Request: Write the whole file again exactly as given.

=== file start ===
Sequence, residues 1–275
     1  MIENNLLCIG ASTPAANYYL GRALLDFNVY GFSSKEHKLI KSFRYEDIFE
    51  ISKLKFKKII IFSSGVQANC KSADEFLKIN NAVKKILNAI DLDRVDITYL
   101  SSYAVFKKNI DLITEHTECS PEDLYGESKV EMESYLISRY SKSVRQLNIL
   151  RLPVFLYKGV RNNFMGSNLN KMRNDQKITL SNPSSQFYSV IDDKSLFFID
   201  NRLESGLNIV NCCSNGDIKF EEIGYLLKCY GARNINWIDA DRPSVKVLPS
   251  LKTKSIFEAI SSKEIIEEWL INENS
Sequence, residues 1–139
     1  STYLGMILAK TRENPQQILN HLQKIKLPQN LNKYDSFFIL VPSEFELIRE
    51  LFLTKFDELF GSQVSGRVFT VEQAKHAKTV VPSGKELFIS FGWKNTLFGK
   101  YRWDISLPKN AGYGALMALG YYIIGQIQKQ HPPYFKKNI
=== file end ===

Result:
Sequence, residues 1–275
     1  MIENNLLCIG ASTPAANYYL GRALLDFNVY GFSSKEHKLI KSFRYEDIFE
    51  ISKLKFKKII IFSSGVQANC KSADEFLKIN NAVKKILNAI DLDRVDITYL
   101  SSYAVFKKNI DLITEHTECS PEDLYGESKV EMESYLISRY SKSVRQLNIL
   151  RLPVFLYKGV RNNFMGSNLN KMRNDQKITL SNPSSQFYSV IDDKSLFFID
   201  NRLESGLNIV NCCSNGDIKF EEIGYLLKCY GARNINWIDA DRPSVKVLPS
   251  LKTKSIFEAI SSKEIIEEWL INENS
Sequence, residues 1–139
     1  STYLGMILAK TRENPQQILN HLQKIKLPQN LNKYDSFFIL VPSEFELIRE
    51  LFLTKFDELF GSQVSGRVFT VEQAKHAKTV VPSGKELFIS FGWKNTLFGK
   101  YRWDISLPKN AGYGALMALG YYIIGQIQKQ HPPYFKKNI